I feel like I've made a mistake. I hadn't done my research on her breed (Terrier). I should've realized that generally, smaller, younger dogs are more active and loud. Toffee is 6 months to a year old, so she is really still a puppy. I've realized that Toffee is not a good fit for me. I believe I will do much better with an adult dog (at least 4 years old) and perhaps a slightly bigger dog that is a lower energy breed.

So what do I do now? I've been thinking about returning Toffee to the shelter for the last couple of days. The shelter I adopted her from is a low kill shelter. I think as long as they put her back up for adoption if I return her, she should have a good chance of getting adopted. She's young, compact, and everyone who's met her raved about how cute she is. I'm sure she has a better chance of getting adopted than some of the bigger, older dogs I want. Is it wrong of me to return Toffee, and try to get an older dog instead? I would definitely wait and conduct my search slowly, to make sure I find a dog that's more likely to suit me and that I am really willing to commit to making it work with the older dog.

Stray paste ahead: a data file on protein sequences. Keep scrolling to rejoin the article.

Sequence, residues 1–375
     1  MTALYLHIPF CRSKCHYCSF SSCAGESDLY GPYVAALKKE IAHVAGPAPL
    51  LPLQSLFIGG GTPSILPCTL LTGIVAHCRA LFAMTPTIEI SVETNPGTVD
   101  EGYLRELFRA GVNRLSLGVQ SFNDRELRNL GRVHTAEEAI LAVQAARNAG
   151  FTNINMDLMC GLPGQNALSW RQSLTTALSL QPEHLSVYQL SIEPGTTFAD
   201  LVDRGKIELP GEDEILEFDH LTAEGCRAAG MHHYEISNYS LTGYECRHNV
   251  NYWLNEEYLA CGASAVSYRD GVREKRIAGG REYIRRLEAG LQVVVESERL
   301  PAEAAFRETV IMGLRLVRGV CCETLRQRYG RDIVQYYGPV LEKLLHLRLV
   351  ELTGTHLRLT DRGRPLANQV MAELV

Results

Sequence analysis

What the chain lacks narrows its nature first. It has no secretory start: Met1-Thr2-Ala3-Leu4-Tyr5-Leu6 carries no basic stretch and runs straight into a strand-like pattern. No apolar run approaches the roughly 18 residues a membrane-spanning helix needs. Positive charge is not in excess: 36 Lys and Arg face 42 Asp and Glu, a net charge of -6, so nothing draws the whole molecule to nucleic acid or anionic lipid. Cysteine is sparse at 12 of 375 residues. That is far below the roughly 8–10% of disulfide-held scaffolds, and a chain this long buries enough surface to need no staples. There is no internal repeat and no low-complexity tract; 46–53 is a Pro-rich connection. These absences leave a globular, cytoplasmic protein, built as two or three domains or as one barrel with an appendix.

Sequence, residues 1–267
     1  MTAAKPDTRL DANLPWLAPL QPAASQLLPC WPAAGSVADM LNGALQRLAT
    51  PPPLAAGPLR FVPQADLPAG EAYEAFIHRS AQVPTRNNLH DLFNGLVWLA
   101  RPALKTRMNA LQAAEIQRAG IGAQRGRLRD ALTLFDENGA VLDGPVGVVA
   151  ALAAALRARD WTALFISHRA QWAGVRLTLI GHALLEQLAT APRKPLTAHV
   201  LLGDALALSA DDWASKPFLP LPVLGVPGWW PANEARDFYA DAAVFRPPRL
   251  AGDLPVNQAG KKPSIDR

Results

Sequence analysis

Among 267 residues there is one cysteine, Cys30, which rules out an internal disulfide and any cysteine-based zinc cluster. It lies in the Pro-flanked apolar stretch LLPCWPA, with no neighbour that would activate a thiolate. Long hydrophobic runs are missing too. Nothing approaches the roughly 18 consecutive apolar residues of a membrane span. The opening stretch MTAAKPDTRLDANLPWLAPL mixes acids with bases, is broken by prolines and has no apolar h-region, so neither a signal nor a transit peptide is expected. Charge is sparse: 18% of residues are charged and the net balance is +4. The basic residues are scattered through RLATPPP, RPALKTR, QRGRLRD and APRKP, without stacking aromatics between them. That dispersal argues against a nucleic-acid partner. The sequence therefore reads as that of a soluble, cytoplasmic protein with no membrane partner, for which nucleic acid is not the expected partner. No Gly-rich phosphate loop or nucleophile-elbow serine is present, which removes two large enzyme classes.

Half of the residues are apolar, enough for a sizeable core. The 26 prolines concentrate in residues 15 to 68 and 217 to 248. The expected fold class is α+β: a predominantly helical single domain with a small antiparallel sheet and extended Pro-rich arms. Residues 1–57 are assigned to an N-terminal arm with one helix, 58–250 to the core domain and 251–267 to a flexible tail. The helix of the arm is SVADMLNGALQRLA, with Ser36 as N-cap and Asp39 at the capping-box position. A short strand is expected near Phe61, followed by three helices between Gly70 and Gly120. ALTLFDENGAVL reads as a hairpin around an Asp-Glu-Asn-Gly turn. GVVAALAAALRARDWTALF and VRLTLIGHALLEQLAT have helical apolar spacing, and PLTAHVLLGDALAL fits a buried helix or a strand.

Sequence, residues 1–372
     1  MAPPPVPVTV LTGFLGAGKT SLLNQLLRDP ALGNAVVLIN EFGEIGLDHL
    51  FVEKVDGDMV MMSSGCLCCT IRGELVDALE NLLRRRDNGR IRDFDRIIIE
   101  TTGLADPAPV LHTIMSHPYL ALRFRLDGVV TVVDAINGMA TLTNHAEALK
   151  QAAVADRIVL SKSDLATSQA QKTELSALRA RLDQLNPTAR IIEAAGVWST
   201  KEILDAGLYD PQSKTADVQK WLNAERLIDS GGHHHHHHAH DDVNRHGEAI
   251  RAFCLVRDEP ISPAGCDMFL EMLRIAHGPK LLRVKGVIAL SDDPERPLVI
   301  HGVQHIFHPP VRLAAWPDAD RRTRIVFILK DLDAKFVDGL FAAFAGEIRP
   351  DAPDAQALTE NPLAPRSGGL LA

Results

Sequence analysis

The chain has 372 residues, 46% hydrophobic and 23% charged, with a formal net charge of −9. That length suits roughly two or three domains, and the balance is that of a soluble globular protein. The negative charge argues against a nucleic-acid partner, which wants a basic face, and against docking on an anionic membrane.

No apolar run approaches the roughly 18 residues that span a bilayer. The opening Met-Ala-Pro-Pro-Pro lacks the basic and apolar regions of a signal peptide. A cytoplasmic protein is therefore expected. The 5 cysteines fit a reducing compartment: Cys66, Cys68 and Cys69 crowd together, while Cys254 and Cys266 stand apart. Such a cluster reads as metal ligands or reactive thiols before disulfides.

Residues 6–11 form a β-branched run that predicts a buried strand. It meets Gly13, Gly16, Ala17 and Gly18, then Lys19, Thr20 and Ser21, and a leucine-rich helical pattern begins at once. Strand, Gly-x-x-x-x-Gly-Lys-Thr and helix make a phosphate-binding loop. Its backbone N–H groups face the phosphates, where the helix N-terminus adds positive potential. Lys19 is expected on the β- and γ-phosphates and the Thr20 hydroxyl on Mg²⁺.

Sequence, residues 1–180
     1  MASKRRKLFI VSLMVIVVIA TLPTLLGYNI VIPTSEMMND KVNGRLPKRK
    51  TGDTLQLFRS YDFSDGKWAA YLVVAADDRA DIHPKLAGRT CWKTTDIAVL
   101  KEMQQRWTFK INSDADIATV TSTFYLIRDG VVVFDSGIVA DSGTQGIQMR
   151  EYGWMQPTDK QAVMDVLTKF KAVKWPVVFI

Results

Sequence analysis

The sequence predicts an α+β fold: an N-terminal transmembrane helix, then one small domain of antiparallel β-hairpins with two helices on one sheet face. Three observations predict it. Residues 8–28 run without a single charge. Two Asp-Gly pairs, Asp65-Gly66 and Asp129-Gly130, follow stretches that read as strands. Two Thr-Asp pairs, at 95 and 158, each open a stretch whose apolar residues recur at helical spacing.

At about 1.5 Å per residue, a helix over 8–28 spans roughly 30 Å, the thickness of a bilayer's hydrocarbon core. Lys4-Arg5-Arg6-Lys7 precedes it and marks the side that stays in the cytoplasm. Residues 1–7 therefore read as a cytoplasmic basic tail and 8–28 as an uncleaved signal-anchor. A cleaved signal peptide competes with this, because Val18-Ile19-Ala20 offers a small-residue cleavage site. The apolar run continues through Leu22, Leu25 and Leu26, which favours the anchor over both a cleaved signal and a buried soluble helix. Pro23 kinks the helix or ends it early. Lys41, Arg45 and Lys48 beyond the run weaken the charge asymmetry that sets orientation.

I feel like a horrible person and that the people at the shelter will hate me. Should I give Toffee more time? I know it's only been 3 days, but she simply does not seem to be a good match for me. I feel like it's better to return her to the shelter sooner than later, before she becomes more attached.


Sorry this post became a tl;dr but if you've made it down to here, I appreciate it. I really need some advice! Right now, I'm leaning towards returning her to the shelter tomorrow. I feel really awful about it and I know some of you will say things to make me feel worse about it, and that's find. I just want some constructive, objective advice/insight on the situation.

Thank you.
 

sdkitty

O.G.
Jan 16, 2006
22,562
20,595
San Diego
I'm more a cat person; I'm sure some doggie mommies will weigh in. If you have the time and money, maybe taking her for training would help.
If you do decide to return her to the shelter, I would agree that a young small breed dog should have an excellent chance at adoption. I had a friend who wanted a small terrier type dog and it took her a long time time find one.
Unfortunately, she also didn't really understand what she was getting into. The dog had severe separation anxiety and would destroy the house while the doggie-mommie was at work.
Good luck with your decision.
 

clevercat

catwoman
Sep 29, 2008
13,345
4,465
Where the heart is
Am also a kitty person, but I volunteer at a shelter where we have a lot of dogs pass through.
Three days isn't long enough, in my opinion. Imagine, Toffee is still a puppy, she's been cooped up in a pen for goodness knows how long - suddenly she has a home, of course she has a lot of pent-up energy.....It takes time (much more than you think) and energy to make things work with a young dog, she is going to need a lot of both from you.